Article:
HIPPO signalling


Hippo signalling is a cell signalling pathway that controls organ size. Activation of Hippo results in a series of phosphorylation events that culminate in the phosphorylation and cytoplasmic retention of a downstream transcriptional coactivator, terminating expression of Hippo-regulated genes. Hippo signalling has an important role in development and cancer.

Latest Research and Reviews

News and Comment

  • News and Views |

    The Hippo pathway responds to environmental factors including nutrient availability, cell density and substrate stiffness to regulate organ size. This pathway is now shown to also regulate antiviral defence by modulating the TBK1-mediated control of interferon production.

    • Natalia Muñoz-Wolf
    •  & Ed C. Lavelle
    Nature Cell Biology 19, 267–269
  • News and Views |

    Long noncoding RNAs (lncRNAs) are increasingly recognized for their role in cancer progression. The previously uncharacterized lncRNA MAYA is now shown to promote bone metastasis by bridging ROR1–HER3 and Hippo–YAP pathways. Neuregulin-induced HER3 phosphorylation by ROR1 recruits a MAYA-containing protein complex to methylate Hippo/MST1 and activate YAP target genes that are essential for bone metastasis.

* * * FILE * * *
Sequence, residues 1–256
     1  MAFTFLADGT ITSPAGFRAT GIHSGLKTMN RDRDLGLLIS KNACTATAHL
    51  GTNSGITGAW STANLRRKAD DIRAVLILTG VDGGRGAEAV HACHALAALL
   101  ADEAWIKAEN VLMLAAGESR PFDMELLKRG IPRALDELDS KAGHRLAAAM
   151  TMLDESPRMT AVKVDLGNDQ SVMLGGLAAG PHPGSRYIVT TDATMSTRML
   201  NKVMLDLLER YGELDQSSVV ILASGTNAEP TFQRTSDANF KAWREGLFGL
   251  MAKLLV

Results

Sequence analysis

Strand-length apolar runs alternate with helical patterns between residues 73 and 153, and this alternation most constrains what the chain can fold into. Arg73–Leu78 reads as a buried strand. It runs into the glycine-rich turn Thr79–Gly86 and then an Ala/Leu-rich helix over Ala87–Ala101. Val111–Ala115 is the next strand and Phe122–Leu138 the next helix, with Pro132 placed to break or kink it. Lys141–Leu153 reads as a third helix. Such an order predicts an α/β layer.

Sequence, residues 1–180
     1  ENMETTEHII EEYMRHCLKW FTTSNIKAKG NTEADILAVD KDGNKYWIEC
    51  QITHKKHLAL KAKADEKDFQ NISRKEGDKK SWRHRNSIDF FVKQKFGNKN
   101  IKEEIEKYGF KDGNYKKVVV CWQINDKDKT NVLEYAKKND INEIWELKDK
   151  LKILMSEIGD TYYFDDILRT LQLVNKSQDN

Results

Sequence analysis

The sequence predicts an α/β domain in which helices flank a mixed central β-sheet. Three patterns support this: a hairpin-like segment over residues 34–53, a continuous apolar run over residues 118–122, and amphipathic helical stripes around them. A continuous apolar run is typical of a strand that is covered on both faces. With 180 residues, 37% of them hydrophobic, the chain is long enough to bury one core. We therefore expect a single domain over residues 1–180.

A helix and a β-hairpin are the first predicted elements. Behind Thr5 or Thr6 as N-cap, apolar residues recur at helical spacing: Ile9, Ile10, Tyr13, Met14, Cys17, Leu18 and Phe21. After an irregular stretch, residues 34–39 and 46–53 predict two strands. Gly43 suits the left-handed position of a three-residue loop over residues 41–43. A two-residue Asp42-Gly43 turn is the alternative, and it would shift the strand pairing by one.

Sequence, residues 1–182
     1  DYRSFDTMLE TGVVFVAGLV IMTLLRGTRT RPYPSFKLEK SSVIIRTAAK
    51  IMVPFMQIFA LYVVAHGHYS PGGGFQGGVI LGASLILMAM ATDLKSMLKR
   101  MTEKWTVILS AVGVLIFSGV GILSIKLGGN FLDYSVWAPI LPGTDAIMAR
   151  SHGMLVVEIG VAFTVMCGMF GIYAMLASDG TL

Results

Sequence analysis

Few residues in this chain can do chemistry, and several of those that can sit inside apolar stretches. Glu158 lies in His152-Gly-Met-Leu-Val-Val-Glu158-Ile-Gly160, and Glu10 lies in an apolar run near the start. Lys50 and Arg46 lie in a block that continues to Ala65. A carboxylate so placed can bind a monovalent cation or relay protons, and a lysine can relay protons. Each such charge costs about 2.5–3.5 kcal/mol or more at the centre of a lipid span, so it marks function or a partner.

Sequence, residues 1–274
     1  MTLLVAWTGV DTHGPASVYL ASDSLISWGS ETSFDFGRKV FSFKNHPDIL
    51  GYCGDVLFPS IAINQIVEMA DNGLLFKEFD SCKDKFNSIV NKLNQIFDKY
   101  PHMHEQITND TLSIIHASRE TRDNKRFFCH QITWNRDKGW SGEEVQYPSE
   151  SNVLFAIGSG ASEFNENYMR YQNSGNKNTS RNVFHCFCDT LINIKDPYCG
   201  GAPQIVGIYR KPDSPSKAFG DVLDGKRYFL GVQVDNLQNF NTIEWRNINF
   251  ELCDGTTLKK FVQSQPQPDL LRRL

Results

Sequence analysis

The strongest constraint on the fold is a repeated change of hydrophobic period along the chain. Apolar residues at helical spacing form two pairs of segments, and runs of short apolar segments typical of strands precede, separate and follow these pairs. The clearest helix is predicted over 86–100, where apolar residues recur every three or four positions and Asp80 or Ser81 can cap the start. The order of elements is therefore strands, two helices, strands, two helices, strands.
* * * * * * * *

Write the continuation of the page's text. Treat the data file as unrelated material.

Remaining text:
• Wei Zhuo
    •  & Yibin Kang
  • News and Views |

    The kinase AMPK, a sensor of cellular energy stress, has been shown to oppose the growth-promoting activity of YAP, the transcriptional co-activator downstream of the Hippo signalling pathway. This finding may help to explain why the antidiabetic drug metformin, for which AMPK is a key effector, is linked to cancer-protective activity.

    • Iswar K. Hariharan
    Nature Cell Biology 17, 362–363
  • News and Views |

    Hippo signalling has been associated with many important tissue functions including the regulation of organ size. In the intestinal epithelium differing functions have been proposed for the effectors of Hippo signalling, YAP and TAZ1. These are now shown to have a dual role in the intestinal epithelium, regulating both stem cell proliferation and differentiation along a specific secretory lineage.

    • Marie Le Bouteiller
    •  & Kim B. Jensen